Despite Global Headwinds, NSIA Increases Net Assets to N920 Billion in 2021

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• Records a total operating profit of N100.8 billion

• Shows profit of N153.6 billion, provides for payment of dividends to shareholders subject to NEC approval

• Warns inflation will make 2022 harder for investors

James Emejo in Abuja and Nume Ekeghe in Lagos

Despite the volatility and headwinds in the global economy, the Nigeria Sovereign Investment Authority (NSIA) yesterday said it had delivered impressive financial results, underscoring the resilience of its investment strategy.

While it recorded a 19% growth in net assets to 919.73 billion naira in 2021 from 772.75 billion naira in 2020, the authority also recorded a profit after tax of 153.6 billion naira, down slightly by 1.9% from the 156.5 billion naira recorded the previous year.

Speaking to reporters during the presentation of the virtual earnings report, NSIA Managing Director/General Manager, Mr. Uche Orji said that this was the ninth consecutive year that NSIA has consistently remained profitable, adding that all three funds ended the year positively, beating their individual benchmarks.

According to him, it posted a basic income of 100.8 billion naira in 2021, down 8% from 109.6 billion naira in 2020. The basic income excluded foreign exchange gains of 45.8 billion naira in 2021 and 51.2 billion naira in 2020.

Providing a more detailed breakdown of its performance over the reporting period, Orji said total comprehensive income declined slightly in 2021 by 8.2% to end the year at N147.0 billion from N160.1. billion naira in 2020.

Nonetheless, he described the performance as a “very solid result”, adding “we are very pleased with how we have navigated 2021 as an authority”.

The NSIA boss, however, noted that global inflation remained a significant drag on investment, adding that it continued to distort the global economy.

He said: “Reactions to runaway global inflation could lead to recessions in some economies as central banks announced various measures to hike rates and halt balance sheet expansion.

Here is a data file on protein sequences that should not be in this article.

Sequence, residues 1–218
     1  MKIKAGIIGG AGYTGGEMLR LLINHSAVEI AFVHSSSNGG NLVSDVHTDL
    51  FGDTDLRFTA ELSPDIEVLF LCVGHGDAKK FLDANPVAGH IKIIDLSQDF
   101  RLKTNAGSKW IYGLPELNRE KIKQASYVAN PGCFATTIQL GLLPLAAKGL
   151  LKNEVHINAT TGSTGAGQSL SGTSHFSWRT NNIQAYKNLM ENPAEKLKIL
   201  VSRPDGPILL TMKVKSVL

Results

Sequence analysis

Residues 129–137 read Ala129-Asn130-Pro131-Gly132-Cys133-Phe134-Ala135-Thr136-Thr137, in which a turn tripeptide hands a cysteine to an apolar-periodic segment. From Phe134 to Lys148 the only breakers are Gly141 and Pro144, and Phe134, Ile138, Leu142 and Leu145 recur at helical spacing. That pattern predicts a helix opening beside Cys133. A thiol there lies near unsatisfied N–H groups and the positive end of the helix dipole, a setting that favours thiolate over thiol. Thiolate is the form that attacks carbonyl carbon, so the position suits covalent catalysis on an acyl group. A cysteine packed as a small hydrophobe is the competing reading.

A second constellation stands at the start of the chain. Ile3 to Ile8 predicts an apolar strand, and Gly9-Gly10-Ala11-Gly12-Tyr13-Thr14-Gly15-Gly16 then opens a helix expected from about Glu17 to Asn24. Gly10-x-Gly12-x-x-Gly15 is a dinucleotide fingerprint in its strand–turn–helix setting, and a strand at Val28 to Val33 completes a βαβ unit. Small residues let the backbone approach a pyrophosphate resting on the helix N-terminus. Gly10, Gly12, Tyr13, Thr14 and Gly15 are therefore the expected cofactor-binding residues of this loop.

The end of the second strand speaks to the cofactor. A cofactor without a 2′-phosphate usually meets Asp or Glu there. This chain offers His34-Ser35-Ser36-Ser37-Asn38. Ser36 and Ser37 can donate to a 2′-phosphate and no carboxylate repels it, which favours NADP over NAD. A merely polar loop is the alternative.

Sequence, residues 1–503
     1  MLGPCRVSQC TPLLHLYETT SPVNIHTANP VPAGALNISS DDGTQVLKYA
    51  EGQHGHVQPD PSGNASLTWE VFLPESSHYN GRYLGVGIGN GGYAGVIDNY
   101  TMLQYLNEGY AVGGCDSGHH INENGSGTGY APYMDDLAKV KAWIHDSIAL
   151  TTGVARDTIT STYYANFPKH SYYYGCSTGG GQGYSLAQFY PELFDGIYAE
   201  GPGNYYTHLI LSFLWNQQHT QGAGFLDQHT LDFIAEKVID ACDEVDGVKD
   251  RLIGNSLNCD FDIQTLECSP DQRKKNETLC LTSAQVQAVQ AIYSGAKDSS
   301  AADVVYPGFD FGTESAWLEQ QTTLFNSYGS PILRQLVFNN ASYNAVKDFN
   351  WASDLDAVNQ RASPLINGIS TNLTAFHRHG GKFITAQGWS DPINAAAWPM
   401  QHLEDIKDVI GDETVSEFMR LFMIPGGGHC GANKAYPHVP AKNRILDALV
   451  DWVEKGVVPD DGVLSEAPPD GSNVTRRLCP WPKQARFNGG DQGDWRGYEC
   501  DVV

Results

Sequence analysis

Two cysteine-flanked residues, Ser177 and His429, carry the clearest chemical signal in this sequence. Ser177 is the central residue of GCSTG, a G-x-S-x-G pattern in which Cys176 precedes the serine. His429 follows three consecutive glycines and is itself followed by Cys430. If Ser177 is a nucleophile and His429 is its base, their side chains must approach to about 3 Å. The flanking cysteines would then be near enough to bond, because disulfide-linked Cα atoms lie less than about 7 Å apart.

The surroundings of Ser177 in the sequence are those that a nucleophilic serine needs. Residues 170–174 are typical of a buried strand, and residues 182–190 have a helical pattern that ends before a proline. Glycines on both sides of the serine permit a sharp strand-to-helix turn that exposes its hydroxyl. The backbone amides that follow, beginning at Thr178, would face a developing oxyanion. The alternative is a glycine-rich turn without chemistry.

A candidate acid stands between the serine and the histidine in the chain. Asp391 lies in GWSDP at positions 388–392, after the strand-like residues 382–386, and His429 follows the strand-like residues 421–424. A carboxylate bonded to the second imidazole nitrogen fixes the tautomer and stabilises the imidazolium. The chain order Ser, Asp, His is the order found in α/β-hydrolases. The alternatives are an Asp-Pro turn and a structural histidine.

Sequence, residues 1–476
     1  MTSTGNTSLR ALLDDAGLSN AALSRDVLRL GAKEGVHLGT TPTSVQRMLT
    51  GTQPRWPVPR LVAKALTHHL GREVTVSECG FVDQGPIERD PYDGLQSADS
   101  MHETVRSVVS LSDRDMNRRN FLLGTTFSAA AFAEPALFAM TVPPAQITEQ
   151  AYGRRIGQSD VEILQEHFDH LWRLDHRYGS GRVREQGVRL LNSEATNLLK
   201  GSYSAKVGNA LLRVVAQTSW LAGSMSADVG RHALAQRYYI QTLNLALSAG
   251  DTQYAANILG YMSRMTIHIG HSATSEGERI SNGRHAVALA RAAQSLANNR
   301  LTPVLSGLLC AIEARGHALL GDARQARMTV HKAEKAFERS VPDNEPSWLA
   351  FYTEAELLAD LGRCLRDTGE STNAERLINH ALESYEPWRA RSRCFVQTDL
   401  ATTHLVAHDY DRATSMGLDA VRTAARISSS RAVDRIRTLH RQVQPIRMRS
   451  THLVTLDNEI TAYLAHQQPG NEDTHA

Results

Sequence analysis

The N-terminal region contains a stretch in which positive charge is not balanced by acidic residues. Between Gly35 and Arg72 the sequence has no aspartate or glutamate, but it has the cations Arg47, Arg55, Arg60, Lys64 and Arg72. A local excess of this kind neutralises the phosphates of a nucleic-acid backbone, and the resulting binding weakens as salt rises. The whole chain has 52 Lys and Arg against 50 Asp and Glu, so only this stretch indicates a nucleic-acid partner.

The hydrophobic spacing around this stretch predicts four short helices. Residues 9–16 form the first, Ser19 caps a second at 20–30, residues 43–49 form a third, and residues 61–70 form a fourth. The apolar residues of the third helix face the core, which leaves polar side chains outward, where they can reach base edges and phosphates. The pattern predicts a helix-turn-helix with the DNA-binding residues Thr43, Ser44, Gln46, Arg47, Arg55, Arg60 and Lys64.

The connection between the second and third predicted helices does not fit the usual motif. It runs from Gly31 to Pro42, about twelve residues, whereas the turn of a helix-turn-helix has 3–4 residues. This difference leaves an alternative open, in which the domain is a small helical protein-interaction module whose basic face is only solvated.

“The human and economic costs of the Russian-Ukrainian conflict have continued to mount, leading to increased geopolitical tension, global supply chain disruption, inflation and potential impact on food security.

Orji added that: “China’s growth prospects will be undermined by its zero-tolerance stance on the emergence of COVID-19 leading to lockdowns in different regions and cities.

However, given the positive performance over the years, the NSIA MD said it was considering the idea of ​​paying dividends to fund shareholders, including federal and state governments. But he stressed the move was subject to National Executive Council (NEC) approval.

Orji, said a decision would have to be made on whether to pay dividends now or reinvest the proceeds in additional investments for better returns, given that the NSIA repaid $150 million in October 2020 to the government from the Stabilization Fund. in accordance with the provisions of the NSIA Act 2011.

He also hinted that work on the second Niger Bridge will be completed by December.

But he said the biggest risk to the global capital market has been complicated by the Russian-Ukrainian war, as well as supply chain issues in China as it struggles to contain the COVID-19 pandemic. adding that “these are all factors that are creating headwinds in 2022.”